THINKING RETIREMENT – ANDY LANDIS – Okay, truth time.  By now you’ve probably already decided which New Year’s resolutions are a no-go.

But here’s one you must keep.  This is the year—in fact, the month—you will get organized for retirement.

Here’s a simple list of what you must do:

1.   Sign up for an online my Social Security account.  Go to www.ssa.gov and register, just like at your other financial institutions.  Get a record of your earnings and check it for accuracy, and get an estimate of your future Social Security payments.  Surprise!  You always thought you could ignore Social Security, but now you find it’s vital for your retirement success.

2.  Collect all your January financial statements from your bank, your credit union, your IRAs, HSAs, and so on.  Include any outstanding loans.  Figure out your net worth as of January 1.  Now for extra credit:  do the same for the past five years.  It is growing, is it not?

3.  Now that you have all your statements out, let’s simplify the situation.  Are small 401(k)s from your last several jobs following you around like a line of baby ducklings?  You can probably roll them into a single traditional IRA.  Can you combine several IRAs into a single account at your favorite institution?  The idea is to simplify the picture so it’s understandable at a glance.  Naturally you’ll keep financial types separate (e.g. traditional IRA, Roth, HSA, etc.).  Along the way, you’ll reduce the blizzard of quarterly statements bombarding your inbox.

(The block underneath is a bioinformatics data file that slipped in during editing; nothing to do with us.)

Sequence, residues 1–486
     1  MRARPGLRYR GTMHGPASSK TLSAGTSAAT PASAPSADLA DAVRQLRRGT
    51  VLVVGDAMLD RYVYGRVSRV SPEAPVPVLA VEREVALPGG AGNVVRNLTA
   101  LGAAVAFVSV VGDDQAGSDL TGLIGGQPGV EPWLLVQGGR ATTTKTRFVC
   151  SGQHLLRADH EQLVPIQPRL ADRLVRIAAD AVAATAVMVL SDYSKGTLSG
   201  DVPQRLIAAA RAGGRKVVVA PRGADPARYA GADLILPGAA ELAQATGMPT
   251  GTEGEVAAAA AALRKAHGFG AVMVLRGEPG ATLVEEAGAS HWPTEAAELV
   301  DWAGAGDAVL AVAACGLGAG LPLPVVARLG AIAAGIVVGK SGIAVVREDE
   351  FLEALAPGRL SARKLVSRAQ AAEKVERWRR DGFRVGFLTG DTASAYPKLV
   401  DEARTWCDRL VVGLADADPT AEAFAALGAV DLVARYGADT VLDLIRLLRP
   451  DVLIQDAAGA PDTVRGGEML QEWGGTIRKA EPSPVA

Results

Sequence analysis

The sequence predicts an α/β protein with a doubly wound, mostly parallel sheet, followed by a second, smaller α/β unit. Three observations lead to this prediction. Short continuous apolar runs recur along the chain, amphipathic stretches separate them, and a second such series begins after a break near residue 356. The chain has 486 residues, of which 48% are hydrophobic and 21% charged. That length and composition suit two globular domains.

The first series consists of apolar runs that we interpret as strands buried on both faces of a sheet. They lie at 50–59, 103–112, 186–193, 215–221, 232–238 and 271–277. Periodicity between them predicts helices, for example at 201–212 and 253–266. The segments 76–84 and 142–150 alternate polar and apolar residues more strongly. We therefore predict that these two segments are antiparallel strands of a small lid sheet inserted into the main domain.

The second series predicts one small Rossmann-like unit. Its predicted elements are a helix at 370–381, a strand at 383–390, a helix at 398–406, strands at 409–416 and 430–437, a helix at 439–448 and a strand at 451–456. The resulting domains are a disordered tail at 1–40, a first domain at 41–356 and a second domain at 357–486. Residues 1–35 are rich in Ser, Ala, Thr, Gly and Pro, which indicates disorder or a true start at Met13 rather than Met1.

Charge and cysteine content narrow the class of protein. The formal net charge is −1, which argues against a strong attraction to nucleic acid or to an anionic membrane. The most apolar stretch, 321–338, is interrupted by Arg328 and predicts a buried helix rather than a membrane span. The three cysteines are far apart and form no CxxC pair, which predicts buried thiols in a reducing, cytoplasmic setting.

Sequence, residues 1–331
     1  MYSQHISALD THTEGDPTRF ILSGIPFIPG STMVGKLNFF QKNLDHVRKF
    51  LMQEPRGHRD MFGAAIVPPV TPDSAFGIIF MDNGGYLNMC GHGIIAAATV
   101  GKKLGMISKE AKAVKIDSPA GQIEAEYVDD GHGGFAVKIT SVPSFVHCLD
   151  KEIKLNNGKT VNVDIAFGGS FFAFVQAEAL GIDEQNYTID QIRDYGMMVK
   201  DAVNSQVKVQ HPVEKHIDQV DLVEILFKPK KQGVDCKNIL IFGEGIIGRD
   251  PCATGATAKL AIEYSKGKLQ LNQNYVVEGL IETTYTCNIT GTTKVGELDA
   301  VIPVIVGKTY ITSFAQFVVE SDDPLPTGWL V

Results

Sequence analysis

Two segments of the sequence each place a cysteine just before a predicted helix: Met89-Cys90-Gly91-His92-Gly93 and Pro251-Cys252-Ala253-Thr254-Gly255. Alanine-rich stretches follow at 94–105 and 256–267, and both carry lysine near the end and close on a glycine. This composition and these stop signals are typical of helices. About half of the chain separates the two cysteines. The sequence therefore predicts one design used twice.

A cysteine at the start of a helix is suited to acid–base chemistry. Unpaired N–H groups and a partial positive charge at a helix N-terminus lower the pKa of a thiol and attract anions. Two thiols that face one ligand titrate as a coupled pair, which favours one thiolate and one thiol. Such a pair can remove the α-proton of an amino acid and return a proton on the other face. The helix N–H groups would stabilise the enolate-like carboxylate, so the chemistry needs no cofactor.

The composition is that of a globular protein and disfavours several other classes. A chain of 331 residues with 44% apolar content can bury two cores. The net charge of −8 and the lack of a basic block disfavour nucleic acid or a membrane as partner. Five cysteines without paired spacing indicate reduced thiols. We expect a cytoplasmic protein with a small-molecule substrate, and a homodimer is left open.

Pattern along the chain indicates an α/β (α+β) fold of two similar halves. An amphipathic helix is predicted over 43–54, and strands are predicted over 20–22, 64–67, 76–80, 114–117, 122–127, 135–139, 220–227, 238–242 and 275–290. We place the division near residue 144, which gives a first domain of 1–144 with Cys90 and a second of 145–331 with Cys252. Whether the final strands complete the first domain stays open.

4.  You’ve reduced the number of accounts you have to manage.  Now make them all visible on a single page.  See if your financial institution(s) offer a service to pull all your accounts together in one statement.  Fidelity calls this “Full View.” Vanguard, Bank of America, and others offer similar services. The service makes online contact with all your accounts, even in different institutions, and blends them into a single net worth statement. You might even be able to include your frequent flyer miles.  Cool.

5.  Automate everything.  Look into auto-saving from your paycheck, auto-rebalancing, and more.  Ups and downs in the market cause emotional swings that make us investors make bad mistakes, like buying high and selling low.  Automation eliminates (or at least reduces) those emotional boo-boos.  For you unreformed traders, yes, you can keep a small amount aside to try your luck and skill against the automated accounts.

6.  Make a few projections to retirement.  Gather your Social Security estimate, your accounts, and statements from your pension(s), if any, and project forward to retirement.  You’ll find ideas on how to do so at my earlier post.

Congratulations!  This is a great start on making 2013 the year you got organized for retirement.  You know where you stand, and you’ve made it much easier to keep track and manage in the future.  One part never stops:  keep on learning and planning.




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